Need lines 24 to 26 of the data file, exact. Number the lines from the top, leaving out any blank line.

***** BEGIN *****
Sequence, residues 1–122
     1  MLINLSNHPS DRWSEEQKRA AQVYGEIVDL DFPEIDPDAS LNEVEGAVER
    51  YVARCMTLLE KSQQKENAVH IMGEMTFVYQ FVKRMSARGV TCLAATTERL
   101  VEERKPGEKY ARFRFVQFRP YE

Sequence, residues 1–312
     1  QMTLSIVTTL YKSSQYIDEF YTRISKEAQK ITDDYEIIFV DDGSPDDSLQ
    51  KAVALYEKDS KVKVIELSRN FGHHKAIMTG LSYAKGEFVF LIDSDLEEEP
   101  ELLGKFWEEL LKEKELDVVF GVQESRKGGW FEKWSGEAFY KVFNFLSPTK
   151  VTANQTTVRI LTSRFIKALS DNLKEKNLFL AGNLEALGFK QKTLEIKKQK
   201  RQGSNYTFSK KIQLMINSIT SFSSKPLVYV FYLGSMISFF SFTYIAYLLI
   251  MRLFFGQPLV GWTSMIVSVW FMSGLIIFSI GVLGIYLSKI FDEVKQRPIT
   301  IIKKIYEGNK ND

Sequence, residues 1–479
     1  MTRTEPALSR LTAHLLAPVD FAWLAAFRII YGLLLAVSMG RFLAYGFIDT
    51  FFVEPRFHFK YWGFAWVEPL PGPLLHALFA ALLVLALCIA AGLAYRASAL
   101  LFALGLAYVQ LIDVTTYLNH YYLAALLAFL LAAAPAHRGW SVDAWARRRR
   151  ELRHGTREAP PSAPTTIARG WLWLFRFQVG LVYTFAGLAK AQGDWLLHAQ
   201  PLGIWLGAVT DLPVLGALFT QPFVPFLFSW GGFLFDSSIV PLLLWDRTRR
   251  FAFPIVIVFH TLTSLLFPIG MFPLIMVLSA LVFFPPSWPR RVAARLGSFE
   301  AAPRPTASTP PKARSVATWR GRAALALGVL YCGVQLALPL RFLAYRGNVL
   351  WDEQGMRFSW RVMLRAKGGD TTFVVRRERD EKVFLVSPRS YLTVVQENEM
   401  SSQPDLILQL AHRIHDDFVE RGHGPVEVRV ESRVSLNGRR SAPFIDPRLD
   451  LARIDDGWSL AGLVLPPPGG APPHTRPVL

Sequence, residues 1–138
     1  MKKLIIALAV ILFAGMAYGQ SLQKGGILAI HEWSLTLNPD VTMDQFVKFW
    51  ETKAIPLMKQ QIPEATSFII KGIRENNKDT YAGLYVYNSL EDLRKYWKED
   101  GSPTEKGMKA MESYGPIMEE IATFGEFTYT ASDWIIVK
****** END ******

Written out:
Sequence, residues 1–138
     1  MKKLIIALAV ILFAGMAYGQ SLQKGGILAI HEWSLTLNPD VTMDQFVKFW
    51  ETKAIPLMKQ QIPEATSFII KGIRENNKDT YAGLYVYNSL EDLRKYWKED